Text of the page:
What should our doctors be concentrating on?

by Ian W Halliday, February 1979

Doctor: one who cures those suffering from disease esp. by use of medicine.

So runs one dictionary definition - but is that what a doctor really is? Certainly a doctor must be expected to try to cure a person suffering from a disease or as a result of an accident, if a full return to health can be expected by the victim as a result of the treatment. Now, thankfully, the world has been rid of smallpox, or so it seems, and had almost been rid of tuberculosis as a result of modern science. But now we find that nine children in one school have TB. Fortunately, the disease can now be cured: the cure of children who have a long useful life in front of them is, I feel, far more important than the temporary relief of pain for the aged person who will probably only live a couple more years. Children are useful members of the society of the future and the aged have already ceased to be useful, and so are sponging off society more than they should be allowed to. Is this attitude fascist? Undoubtedly, and it is not one with which I hold. You do not make it clear where you abandon your support. RLJ What I am saying, however, is that the first priority of the doctors must be to cure those for whom full recovery is possible - and not the older members of society. there is no question at all in my mind that all invalids should be treated as much as is possible. There is a problem. Who finances the treatment? The taxpayer, perhaps? Or the victim?

On the question of prevention of illness, there is now little that can be done. If people did not drive on the road, there would be no road accidents. No smoking restrictions would lead to less deaths from lung cancer and associated diseases. But there is no way in which cigarettes, alcohol, car driving and the like could ever be banned. Inoculation is no longer needed for a great many diseases and for those where it is, parents are equally stubborn. "I couldn't possibly let little Jimmy have an anti-whooping-cough vaccination. I mean, I once read about somebody who got brain damage as a result. I'm not putting little Jimmy to any unnecessary danger." The danger of dying from the cough is 120 times the chance of even slight damage from the vaccine. The medical profession obviously needs to educate the population in a way which is near to impossible: near to the actual truth, rather than the sensational stories that every day shift so many million copies of the Mirror, Sun and Star.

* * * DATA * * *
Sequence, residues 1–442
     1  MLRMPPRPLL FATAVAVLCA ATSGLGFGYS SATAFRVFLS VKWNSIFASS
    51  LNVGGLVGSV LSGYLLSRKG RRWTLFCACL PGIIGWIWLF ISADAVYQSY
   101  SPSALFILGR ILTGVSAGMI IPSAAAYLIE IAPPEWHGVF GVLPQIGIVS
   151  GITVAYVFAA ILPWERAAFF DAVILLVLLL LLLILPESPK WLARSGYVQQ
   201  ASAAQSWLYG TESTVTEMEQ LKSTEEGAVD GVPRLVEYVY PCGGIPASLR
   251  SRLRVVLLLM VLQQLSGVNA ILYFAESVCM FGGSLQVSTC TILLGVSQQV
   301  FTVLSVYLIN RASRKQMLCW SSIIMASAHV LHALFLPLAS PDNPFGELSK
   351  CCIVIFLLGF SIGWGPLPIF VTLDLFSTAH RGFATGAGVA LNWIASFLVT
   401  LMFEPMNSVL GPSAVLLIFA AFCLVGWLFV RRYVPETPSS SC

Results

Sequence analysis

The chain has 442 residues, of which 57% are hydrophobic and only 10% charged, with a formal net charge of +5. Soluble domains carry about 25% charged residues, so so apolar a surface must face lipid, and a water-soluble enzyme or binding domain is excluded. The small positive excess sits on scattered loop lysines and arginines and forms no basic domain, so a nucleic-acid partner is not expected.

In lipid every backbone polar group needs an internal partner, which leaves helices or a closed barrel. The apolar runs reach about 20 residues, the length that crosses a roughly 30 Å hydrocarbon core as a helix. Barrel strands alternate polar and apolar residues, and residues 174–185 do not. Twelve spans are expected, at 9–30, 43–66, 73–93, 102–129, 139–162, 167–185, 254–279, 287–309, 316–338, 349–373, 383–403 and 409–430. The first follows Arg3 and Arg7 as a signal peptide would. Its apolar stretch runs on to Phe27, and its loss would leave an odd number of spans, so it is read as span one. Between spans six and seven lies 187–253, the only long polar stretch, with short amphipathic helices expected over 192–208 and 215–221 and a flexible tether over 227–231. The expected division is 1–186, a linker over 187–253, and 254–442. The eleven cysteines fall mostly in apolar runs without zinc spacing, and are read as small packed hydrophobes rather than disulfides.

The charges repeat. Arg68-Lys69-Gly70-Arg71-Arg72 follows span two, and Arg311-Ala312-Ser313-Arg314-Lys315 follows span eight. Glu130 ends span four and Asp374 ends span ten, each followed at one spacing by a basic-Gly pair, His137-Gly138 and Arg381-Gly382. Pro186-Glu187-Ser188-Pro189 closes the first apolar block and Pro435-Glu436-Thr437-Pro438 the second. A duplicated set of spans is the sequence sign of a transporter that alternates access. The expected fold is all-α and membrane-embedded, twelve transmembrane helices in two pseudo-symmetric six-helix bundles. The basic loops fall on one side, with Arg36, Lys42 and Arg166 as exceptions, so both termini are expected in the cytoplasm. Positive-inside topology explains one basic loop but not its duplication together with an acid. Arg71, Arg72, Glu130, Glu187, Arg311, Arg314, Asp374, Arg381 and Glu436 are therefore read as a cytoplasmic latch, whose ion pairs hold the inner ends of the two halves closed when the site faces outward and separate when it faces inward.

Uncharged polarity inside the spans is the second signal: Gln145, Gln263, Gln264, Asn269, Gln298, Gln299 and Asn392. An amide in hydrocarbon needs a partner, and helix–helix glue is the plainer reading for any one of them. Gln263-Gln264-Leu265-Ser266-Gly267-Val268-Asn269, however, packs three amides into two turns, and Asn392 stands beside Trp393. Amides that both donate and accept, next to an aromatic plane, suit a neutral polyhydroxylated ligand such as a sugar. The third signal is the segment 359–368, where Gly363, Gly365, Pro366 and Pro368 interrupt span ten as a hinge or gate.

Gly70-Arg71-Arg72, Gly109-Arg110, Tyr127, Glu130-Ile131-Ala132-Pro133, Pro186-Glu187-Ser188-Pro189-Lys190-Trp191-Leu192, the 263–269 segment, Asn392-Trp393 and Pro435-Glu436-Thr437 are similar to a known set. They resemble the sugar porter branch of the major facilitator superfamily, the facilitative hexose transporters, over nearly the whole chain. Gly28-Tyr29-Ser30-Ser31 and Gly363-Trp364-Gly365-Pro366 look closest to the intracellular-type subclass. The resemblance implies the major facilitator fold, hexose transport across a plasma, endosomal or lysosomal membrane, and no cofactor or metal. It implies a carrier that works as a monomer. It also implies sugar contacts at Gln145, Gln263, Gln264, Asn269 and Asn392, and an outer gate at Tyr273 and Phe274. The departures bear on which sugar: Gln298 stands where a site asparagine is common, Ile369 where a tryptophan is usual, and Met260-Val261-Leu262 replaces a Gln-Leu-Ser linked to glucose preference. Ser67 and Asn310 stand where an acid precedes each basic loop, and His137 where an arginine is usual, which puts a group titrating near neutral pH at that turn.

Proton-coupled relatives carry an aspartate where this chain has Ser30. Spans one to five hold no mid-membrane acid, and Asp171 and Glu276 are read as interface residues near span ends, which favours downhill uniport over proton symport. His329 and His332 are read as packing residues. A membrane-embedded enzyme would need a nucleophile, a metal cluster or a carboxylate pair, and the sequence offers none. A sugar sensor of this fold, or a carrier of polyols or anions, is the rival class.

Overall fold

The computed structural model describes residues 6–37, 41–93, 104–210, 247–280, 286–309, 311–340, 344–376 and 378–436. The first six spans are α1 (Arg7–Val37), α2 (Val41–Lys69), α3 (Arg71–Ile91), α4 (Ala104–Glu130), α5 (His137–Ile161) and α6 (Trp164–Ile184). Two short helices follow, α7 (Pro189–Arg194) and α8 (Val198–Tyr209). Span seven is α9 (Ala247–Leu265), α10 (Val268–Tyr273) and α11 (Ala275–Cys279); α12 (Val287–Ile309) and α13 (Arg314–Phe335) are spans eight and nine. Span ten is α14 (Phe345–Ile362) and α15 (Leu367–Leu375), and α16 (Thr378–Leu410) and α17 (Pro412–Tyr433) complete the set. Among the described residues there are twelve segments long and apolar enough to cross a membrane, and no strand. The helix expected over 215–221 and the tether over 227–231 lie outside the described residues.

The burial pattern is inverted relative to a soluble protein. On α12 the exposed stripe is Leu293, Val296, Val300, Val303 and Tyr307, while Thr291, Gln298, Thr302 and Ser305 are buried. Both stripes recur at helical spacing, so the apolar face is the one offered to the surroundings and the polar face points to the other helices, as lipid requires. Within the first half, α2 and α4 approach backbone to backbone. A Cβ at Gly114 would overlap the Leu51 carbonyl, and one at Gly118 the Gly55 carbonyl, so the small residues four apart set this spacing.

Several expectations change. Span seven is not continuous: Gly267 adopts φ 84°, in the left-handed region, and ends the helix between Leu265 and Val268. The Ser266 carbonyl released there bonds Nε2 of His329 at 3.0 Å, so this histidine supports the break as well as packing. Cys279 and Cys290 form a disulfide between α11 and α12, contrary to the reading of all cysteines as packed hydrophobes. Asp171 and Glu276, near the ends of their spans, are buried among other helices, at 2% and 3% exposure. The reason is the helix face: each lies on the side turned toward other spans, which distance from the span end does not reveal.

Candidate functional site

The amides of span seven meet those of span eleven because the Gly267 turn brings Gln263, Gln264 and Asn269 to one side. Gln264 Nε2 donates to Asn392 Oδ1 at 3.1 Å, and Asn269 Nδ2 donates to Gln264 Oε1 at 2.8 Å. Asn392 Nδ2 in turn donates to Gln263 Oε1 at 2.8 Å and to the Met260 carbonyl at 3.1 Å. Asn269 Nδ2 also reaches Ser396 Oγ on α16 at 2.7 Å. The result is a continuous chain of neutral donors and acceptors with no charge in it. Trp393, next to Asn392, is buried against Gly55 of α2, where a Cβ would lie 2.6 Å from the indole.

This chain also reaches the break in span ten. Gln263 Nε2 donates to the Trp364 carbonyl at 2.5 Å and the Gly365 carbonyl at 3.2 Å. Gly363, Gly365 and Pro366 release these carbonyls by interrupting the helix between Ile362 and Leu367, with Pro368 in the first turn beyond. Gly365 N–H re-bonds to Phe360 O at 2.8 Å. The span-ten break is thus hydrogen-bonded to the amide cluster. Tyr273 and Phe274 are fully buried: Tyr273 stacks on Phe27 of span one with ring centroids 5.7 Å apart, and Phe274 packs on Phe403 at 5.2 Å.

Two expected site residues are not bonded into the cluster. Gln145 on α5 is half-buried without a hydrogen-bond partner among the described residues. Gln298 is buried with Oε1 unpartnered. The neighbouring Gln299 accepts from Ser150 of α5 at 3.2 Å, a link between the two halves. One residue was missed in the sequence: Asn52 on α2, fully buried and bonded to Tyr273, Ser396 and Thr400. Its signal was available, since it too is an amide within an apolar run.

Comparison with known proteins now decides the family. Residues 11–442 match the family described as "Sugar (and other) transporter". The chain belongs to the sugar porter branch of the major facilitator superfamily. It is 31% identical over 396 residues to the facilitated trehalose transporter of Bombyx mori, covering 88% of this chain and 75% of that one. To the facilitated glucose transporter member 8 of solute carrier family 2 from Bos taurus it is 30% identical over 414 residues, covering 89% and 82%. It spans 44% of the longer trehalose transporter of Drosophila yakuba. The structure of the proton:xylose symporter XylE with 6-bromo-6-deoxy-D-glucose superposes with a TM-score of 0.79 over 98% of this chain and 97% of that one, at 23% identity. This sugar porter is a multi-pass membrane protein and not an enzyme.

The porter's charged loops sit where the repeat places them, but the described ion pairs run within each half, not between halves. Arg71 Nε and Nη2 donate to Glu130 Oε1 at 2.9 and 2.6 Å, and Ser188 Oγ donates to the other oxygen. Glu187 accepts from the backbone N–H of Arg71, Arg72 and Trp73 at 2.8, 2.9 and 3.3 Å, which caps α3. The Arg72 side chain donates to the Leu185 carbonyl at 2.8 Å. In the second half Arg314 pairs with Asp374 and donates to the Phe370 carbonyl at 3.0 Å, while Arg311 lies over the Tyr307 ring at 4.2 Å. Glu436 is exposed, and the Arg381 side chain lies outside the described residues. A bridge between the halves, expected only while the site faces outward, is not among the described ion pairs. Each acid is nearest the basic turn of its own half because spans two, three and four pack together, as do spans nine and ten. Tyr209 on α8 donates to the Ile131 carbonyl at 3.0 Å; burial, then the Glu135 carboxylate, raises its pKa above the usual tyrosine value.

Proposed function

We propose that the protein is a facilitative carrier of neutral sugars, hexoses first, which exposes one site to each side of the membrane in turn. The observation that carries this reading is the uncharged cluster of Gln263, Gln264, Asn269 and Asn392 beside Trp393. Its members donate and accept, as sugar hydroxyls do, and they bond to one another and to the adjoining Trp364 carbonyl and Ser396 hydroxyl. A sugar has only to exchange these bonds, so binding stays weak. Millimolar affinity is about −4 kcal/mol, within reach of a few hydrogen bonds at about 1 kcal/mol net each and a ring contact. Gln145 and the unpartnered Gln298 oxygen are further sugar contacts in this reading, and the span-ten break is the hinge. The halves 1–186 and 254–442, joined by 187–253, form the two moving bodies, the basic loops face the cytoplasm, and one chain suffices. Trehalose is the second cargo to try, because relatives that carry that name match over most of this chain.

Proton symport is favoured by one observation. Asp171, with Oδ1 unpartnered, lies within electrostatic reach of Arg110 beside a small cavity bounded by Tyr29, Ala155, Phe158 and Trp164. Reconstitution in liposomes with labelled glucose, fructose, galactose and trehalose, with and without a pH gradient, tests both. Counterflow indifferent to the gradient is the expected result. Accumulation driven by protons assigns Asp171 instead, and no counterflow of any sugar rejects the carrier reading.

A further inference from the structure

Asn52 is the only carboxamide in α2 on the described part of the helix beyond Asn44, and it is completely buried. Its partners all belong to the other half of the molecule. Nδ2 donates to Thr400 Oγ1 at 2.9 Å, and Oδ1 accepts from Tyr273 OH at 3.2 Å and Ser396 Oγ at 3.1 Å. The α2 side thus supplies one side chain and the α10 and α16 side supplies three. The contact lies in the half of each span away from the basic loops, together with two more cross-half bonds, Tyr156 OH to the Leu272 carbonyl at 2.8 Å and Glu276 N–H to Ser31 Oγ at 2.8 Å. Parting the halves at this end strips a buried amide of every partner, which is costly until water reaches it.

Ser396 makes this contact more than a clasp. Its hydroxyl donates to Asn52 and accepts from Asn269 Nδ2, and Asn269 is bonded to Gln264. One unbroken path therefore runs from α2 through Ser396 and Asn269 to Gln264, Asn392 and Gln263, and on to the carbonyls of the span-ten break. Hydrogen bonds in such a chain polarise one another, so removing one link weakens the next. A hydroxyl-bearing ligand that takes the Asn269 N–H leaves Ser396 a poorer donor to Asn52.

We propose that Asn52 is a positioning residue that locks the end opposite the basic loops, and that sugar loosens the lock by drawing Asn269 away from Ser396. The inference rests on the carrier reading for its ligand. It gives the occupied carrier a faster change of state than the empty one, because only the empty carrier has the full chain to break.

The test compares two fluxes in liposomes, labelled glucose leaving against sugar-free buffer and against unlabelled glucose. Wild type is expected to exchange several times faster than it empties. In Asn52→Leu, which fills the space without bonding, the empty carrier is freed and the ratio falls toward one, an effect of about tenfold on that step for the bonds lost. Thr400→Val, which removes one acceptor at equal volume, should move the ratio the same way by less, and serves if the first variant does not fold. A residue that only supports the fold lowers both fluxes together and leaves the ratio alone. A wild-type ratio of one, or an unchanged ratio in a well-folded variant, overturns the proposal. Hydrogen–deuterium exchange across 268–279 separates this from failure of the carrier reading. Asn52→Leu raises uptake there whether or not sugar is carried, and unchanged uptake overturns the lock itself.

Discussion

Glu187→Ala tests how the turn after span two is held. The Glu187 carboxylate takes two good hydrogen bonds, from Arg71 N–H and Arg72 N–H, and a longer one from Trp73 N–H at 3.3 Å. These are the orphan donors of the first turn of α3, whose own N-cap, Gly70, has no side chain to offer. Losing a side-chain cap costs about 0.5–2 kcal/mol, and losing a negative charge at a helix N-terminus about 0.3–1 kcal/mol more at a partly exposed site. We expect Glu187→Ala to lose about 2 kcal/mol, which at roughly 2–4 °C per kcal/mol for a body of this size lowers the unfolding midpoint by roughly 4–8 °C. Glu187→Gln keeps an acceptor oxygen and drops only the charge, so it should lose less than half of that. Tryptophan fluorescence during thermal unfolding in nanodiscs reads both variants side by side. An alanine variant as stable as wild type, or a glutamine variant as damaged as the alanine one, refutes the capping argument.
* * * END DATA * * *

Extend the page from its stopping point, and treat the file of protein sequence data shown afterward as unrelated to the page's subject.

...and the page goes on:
What of research? Again, the typical man-in-the-street approach is not really helpful:
"I think research is necessary: how can you try new cures unless you test them? If they were successful you'd be able to cure thousands more people with it! And if it was a failure...(mumble, mumble)"
Interviewer: "Would you be prepared to act as a guinea-pig?"
"Yes, I would. But I couldn't possibly: I've got my family and kids to think of. I'd like to help, but sorry, no!"
Attitudes like that are again produced by the mass media.

The main time-wasting factor of the current situation is for such trivia as the doctor's note. The necessity for this document appears to lie in an intrinsic distrust of the human race. You claim you were unwell last week and unable to attend work. This you tell your boss, who won't believe you unless you have a signed note from your doctor saying you were ill. So you tell him. He doesn't care whether you were off ill or out playing golf so he signs a note saying you were ill. Result: bureaucracy that the medical profession could well do without.

Many people visit the doctor although there is nothing wrong with them. Twentieth century life is trying, even for twentieth century man or twentieth century woman. Sometimes they come to the doctor with a problem of worry, inability to sleep, stress, problems at work and a whole list of non-medical ailments. All these were dealt with in time past by such people as the priest and vicar, but now, in these times which are sadly lacking in Christian belief, it is the doctor to whom such problems are taken. Certainly he must concentrate on helping these people as much as he can - though, as he is unqualified in this field, they are unlikely to be cured by him. I still think that, as in the definition, doctors should be concentrating on healing people who, after the cure, can make a full and useful return to the life of the community.

(20) Most readable, but I think you are a bit unfair about the doctor's note. I believe that most doctors find it a worrying problem. Feb 13 1979. RLJ

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